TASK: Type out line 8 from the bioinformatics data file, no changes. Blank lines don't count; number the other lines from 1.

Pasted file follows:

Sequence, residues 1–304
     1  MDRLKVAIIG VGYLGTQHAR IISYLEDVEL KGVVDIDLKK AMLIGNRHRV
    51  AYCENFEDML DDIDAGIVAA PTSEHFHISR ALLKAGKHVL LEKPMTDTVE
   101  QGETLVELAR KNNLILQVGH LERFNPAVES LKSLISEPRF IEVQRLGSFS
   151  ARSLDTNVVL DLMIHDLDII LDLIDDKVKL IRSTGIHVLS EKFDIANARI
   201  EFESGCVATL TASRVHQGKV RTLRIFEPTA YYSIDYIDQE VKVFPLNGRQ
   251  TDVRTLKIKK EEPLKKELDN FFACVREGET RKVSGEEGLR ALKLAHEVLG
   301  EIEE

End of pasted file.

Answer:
   301  EIEE